Using The Pen Tool - The Basics

by Steve Tolley

This tutorial is more for the beginners of Photoshop on how to use the pen tool and what you can do with it, although some more advanced with Photoshop may also find this useful, it is just a quick tutorial today as I am currently working on a new WordPress layout for this website so I am quite occupied with that, but I will still be doing tutorials every other day whilst I am doing this.

Step 1 - Find Image

First of all find the image that you want to use in this tutorial; I have used a picture of a Buggati Veyron and open it up in Photoshop, now choose the pen tool on the left toolbar (as shown below) but before we use it I am going to explain what it does and the benefits of using it:

Original Image:

Pen Tool

The pen tool allows you to make “paths” which can be used to cut out certain parts of images or so that you can make a range of different shapes.

Advantages of Using the Pen Tool

The pen tool offers more flexibility over other tools (e.g. Polygonal Lasso Tool) because the pen tool not only creates anchor points but when you have clicked where you want the anchor point to be, if you hold down the button and drag you can create a curved shape which can be used to draw around curved objects.

Step 1 (Continued…): Now back to step 1, with the pen tool selected at the top of the window you will see the below toolbar which shows the settings of the pen which can be used, if you hover over each setting it will explain what they do, for now use the settings below and you can experiment whenever you want to:

Step 2 - Using The Pen Tool

Now zoom into your image and click on the canvas around the edge of your chosen object, this is the starting point of your selection now when you click at the next point in your object notice that it makes another small square (You might notice you can’t click on the adjustment bar ends. That is, until you hold the CTRL key. When you hold the CTRL key, your cursor will change to a solid white arrow, the Direct Selection Tool. Now you can click on the adjustment bar ends and adjust the curve of your selection. Now try holding the ALT key. You should get a two-sided arrow when you mouse over your adjustment ends, the Convert Point Tool. Click and drag to adjust only one aspect of your curve. This is how you make sharp edges with your Pen Path.) Now keep clicking around the edge of your chosen object and remember if you want a curved line, click and hold and then drag in the direction of the curve.

Step 3 - Connect The Two End Points

When you get the hang of it, it is really easy to use, once you have gone around the whole outer edge of your object join the starting point and ending point together, you will now have a “Path”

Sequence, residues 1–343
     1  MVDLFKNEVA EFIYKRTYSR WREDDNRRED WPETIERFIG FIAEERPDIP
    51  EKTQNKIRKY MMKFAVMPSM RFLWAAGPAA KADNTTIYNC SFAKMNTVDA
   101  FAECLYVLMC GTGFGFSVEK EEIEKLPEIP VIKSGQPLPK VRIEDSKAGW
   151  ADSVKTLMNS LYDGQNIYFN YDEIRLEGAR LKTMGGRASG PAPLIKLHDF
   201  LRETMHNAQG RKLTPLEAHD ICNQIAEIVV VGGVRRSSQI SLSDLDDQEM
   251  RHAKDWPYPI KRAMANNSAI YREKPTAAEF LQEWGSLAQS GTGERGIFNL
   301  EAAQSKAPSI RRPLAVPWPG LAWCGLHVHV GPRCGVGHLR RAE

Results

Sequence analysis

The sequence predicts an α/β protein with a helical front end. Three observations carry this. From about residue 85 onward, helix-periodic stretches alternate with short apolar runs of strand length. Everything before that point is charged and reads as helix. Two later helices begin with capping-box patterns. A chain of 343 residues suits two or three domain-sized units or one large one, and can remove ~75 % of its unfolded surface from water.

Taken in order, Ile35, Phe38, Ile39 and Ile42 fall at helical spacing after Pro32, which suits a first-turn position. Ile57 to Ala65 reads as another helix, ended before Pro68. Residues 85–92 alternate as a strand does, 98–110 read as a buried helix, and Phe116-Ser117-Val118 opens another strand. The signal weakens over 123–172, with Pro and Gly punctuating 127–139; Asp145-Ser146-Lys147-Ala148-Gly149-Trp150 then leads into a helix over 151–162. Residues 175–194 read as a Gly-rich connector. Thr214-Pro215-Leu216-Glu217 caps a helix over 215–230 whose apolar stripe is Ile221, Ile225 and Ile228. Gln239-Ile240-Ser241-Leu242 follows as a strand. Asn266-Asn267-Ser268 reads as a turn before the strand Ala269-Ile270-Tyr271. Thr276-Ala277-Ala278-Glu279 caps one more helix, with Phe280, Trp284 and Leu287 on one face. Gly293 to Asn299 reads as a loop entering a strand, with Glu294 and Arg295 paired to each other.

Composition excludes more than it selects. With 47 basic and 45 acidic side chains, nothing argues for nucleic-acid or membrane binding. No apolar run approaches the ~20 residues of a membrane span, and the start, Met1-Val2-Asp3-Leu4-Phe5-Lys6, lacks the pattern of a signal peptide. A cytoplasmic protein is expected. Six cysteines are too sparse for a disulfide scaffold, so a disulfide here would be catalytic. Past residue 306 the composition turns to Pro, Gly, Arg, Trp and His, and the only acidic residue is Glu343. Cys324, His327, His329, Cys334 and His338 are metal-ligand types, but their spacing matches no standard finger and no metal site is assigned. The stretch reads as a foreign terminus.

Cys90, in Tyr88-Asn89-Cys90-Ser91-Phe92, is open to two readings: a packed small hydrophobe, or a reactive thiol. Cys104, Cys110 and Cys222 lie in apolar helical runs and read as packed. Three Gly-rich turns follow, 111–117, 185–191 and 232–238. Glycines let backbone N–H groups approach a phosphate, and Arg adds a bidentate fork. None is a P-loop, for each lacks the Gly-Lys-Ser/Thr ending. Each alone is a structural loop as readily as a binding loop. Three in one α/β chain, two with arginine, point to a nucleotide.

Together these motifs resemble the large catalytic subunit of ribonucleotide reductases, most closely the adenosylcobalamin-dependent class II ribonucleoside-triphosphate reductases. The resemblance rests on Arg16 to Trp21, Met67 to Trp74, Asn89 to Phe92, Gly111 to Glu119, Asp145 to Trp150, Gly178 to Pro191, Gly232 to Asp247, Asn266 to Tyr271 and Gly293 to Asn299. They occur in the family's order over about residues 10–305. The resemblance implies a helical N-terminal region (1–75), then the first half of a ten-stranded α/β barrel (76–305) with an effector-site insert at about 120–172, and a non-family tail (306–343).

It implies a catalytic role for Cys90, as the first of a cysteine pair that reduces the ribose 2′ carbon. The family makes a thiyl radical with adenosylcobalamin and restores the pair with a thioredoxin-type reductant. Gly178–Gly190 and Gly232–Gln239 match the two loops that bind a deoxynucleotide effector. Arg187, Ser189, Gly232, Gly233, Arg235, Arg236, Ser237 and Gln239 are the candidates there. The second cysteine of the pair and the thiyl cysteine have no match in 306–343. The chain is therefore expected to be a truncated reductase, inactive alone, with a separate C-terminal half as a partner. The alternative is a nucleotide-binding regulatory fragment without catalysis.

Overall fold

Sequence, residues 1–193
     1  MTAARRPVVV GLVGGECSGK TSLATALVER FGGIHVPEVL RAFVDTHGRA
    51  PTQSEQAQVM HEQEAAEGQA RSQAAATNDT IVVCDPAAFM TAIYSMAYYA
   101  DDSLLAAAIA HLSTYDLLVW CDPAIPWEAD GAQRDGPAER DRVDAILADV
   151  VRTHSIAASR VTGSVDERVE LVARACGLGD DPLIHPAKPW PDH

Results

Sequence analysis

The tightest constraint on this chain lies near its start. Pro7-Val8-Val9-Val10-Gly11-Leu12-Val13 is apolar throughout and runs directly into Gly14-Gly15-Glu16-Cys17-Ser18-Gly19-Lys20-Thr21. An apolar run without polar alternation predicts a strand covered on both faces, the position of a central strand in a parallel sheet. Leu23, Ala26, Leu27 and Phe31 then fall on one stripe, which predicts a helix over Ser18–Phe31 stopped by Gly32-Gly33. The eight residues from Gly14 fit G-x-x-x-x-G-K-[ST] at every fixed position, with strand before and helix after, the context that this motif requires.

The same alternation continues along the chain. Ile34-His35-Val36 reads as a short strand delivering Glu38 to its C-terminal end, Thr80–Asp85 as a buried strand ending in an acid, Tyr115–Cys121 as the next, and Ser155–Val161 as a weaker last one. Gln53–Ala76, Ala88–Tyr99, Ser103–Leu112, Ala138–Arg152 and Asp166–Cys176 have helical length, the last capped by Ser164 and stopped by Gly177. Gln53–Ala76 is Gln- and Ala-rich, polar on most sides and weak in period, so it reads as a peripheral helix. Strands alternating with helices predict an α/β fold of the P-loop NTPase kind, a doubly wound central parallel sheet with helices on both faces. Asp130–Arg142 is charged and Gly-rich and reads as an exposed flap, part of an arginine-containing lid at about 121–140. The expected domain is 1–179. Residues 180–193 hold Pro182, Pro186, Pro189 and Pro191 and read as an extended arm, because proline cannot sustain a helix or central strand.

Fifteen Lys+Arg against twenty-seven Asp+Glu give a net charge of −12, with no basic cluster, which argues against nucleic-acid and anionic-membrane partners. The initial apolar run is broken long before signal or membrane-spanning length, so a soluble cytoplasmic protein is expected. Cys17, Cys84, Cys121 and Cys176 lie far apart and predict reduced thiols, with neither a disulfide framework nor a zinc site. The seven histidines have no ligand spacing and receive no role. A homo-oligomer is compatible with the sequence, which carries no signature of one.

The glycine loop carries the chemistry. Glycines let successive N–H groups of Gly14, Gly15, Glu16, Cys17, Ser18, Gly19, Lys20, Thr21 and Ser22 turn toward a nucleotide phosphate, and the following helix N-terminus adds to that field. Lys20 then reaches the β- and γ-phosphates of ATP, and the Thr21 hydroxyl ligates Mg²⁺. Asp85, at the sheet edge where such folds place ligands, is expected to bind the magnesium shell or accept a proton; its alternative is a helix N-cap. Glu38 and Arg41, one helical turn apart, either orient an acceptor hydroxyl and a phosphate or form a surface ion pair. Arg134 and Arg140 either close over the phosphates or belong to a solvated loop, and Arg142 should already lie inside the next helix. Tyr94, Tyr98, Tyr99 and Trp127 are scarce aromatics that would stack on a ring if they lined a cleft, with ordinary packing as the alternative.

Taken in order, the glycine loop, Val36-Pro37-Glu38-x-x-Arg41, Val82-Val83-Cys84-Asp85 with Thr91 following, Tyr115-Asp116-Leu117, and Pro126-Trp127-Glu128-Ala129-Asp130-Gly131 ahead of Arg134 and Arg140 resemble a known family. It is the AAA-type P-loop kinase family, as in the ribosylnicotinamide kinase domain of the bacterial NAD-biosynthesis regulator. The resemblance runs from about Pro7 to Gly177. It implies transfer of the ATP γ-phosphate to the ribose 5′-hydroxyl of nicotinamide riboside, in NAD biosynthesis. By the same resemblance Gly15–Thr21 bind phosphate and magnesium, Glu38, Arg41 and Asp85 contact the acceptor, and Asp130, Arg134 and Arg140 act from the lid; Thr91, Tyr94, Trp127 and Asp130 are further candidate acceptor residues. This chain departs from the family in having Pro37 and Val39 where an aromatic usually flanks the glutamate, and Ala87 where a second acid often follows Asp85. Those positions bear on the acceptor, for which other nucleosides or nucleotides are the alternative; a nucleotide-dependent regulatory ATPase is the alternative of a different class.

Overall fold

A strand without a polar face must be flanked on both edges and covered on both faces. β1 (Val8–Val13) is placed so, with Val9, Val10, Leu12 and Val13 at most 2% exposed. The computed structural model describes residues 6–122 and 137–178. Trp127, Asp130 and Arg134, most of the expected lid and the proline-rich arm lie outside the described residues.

Step 4 - Make Selection

Now right click in the path and choose “Make Selection” as shown below,

Step 5 - Make Selection Menu

This will bring up a menu showing some different settings, but leave this as default as they don’t need to be changed.

Step 6 - Drag And Drop Image Onto New Background

With your path now selected you will see the crawling ants around the edge of your image, now when you choose the move tool you can see that your selection can be moved around etc…Now open up a new background in a new document and simply drag and drop your selection into it as shown below:

Crawling Ants:

Drag And Drop:

Step 7 - Play Around With The Final Image

You can now play around with different shadows and options to get just the right look and once I had done this I had something that looked similar to below:
(This final image does look rubbish but that was not the point of this tutorial, the point was to show you that there are other ways to extract an image rather than using the eraser or magic wand tool, if I had more time i would have made this final image look better, but it will do to illustrate my point)


This tutorial was just the basics of using the Pen Tool but there are lots of other different things which it can be used for, so go and play around with it and see what you can create.

If you have any problems with this tutorial then don’t hesitate to leave me a comment or email me at: and I will help you as much as I can.

How To Use Adjustment Layers - The Basics

by Steve Tolley

This tutorial explains what an “Adjustment Layer” is and also the benefits of using one instead of just adjusting it normally, and how to best use it so that you get the desired effect that you want.

First of all what is an adjustment layer?

Well an adjustment layer is a layer that you create in Photoshop where you can apply any adjustments (e.g. Hue/Saturation, Levels etc…) to the image that you want to manipulate.

What are the benefits of an adjustment layer?

An adjustment layer gives one main benefit when creating your image; say for instance that you wanted to change the colour of this IPod and you were going to use the Hue/Saturation adjustment then you would go to Image > Adjustments > Hue/Saturation and set it to colorize and then play around till you have the colour that you want like below: